hoping that its narration may arouse a deeper interest
in the past, present and the future of the Green Moun-
tain State. He realizes the magnitude of the task he
has undertaken, and feels the burden of the responsi-
bility he has assumed, in attempting to tell adequately
and accurately the story of Vermont. He lays no
claim to infallibility, but he has sought, diligently and
patiently, to consult all accessible sources of infor-
mation, and to sift out of the vast amount of available
material the important historical facts that deserve to
be remembered.

The number of historical and biographical works,
documents, letters, journals, and reports consulted, has
been so great that a recapitulation of the titles would
be wearisome.

To all who have assisted the author in the preparation
of these volumes, and the number is large, he takes this
occasion to render heartfelt thanks. Special acknowl-
edgment is due to the courteous officials of the Vermont
State and the University of Vermont Libraries, for
without the help of those institutions this History could
not have been written; to the Advisory Board, Hon.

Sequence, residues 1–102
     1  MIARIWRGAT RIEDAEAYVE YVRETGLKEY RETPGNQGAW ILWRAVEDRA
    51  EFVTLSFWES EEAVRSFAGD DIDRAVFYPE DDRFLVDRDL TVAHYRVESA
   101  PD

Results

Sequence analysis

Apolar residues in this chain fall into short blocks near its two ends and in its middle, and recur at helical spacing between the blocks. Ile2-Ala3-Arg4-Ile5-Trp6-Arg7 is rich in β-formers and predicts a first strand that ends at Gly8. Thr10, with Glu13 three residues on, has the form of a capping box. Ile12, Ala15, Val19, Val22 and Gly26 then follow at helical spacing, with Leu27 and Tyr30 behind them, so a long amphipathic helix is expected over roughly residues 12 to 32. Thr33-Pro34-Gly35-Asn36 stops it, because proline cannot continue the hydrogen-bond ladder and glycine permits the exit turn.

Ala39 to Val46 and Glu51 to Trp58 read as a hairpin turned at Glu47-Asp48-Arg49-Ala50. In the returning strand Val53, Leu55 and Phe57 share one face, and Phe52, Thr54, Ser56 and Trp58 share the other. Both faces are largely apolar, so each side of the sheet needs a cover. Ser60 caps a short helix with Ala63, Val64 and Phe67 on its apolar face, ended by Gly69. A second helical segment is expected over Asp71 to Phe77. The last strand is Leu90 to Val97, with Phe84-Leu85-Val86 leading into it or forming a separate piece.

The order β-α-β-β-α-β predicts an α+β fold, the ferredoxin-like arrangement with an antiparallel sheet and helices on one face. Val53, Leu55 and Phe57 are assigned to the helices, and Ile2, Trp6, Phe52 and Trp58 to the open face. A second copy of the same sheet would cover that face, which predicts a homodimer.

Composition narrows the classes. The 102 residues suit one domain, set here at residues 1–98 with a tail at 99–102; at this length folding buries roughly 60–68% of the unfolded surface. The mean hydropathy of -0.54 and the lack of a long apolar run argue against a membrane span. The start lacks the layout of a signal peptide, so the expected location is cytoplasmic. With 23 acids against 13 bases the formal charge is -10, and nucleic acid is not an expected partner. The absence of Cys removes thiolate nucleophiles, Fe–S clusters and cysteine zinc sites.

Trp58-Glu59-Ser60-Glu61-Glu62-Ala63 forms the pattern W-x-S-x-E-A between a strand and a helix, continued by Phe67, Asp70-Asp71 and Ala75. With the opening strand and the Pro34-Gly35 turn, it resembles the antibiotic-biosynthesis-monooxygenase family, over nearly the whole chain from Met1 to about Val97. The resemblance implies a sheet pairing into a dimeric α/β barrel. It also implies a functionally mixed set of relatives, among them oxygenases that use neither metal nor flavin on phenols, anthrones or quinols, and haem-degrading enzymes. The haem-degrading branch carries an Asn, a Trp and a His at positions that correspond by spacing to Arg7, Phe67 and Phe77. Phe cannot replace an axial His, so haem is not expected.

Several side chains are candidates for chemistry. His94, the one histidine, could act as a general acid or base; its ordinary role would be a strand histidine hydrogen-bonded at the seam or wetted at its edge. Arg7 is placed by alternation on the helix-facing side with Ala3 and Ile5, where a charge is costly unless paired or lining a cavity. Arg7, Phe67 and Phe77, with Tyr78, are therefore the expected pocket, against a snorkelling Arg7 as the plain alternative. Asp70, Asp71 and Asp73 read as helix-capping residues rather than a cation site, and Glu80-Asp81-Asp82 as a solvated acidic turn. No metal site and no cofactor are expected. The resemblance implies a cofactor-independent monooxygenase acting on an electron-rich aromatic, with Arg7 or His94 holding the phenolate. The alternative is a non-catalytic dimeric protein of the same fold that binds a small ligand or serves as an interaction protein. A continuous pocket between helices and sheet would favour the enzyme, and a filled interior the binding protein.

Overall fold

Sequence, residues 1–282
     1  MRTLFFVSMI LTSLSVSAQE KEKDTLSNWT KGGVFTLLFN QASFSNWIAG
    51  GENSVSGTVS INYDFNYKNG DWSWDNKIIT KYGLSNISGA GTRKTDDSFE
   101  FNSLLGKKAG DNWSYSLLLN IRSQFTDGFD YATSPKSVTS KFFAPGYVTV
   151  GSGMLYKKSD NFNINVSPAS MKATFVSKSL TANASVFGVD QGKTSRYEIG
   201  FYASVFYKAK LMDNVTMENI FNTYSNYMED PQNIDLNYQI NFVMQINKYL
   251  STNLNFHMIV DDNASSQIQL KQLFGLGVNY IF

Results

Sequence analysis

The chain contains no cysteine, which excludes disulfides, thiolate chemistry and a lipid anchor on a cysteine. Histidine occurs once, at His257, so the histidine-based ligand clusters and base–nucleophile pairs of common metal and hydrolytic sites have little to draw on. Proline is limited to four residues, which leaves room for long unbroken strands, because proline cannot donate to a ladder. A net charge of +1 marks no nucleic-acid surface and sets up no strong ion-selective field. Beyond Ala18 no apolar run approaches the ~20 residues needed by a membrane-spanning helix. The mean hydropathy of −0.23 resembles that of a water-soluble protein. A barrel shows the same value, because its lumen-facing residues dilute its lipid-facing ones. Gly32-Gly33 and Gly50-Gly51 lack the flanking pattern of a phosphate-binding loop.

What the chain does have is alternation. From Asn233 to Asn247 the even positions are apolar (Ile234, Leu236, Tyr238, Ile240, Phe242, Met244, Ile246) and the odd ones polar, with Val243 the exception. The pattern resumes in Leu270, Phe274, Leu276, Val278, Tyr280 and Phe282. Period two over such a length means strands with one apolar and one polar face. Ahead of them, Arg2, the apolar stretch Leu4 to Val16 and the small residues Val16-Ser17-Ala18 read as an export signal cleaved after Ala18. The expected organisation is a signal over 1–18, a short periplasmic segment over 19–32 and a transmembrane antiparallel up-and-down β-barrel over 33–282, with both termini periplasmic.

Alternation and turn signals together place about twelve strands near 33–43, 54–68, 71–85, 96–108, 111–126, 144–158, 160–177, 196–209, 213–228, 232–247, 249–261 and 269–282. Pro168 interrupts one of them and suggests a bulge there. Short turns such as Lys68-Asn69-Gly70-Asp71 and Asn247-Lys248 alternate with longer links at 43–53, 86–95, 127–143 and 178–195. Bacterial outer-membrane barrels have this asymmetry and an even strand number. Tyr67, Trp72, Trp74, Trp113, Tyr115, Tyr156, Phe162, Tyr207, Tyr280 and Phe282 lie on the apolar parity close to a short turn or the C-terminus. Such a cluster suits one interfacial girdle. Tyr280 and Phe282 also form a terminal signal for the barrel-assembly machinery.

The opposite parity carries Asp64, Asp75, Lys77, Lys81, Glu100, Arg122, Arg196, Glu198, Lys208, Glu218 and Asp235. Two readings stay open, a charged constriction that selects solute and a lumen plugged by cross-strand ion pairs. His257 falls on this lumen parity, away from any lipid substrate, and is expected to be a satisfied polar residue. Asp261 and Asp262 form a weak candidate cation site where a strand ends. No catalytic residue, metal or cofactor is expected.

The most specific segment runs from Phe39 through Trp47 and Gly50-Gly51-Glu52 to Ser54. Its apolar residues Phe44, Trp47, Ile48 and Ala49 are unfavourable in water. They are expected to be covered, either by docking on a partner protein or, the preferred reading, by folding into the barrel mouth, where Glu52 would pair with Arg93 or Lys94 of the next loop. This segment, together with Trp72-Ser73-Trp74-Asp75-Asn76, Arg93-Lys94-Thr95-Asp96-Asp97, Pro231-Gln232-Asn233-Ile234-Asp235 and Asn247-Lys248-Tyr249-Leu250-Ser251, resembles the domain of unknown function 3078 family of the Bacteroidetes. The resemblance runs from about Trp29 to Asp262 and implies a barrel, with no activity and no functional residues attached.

Mason S. Stone of Montpelier, Hon. Frank L. Fish of
Vergennes, Hon. C. P. Smith of Burlington, Dr. H. C.
Tinkham of Burlington, and to the Hon. Horace W.



PREFACE XVII

Bailey of Newbury and Hon. G. H. Prouty of Newport,
whose death before the completion of the History was
keenly felt by the author; also to those who have con-
tributed special articles for this work, thereby adding
much to its value. The kindly interest and hearty
cooperation shown by Vermonters within and without
the State have lightened the author's burdens and are
gratefully acknowledged.
Burlington, Vt., June, 1921.



Chapter I
THE MAKING OF THE MOUNTAINS



THE first chapter of Vermont history was written
unnumbered centuries ago, in the rocks that form
the foundations of the Green Mountains. ^J'he
period of time that was consumed in the writing of that
chapter seems so long, when we attempt to apply the
measuring rod of our ordinary system of reckoning,
that the human mind with difficulty comprehends it;
and all the years included in the annals of mankind
upon this earth, when compared with this vaster span
needed for the making of the mountains, seems no
more than "a watch in the night."

The Green Mountain State ranks among the oldest
regions within the limits of what is now known as the
United States of America. While it is possible that
deep down under these lofty hills there may be rocks
belonging to the Archean, the very oldest geological
period, none of these ancient rocks have been found, and
the evidence obtained indicates that the foundations of
the Green Mountains were laid during the next period,
the Algonkian.

No man has read more carefully this first chapter of
our history than has Prof. George H. Perkins, the Ver-
mont State Geologist, and in a carefully written article
dealing with the geological history of the State, he has
said: "It is easy for anyone at all familiar with the
geological history of America to imagine something of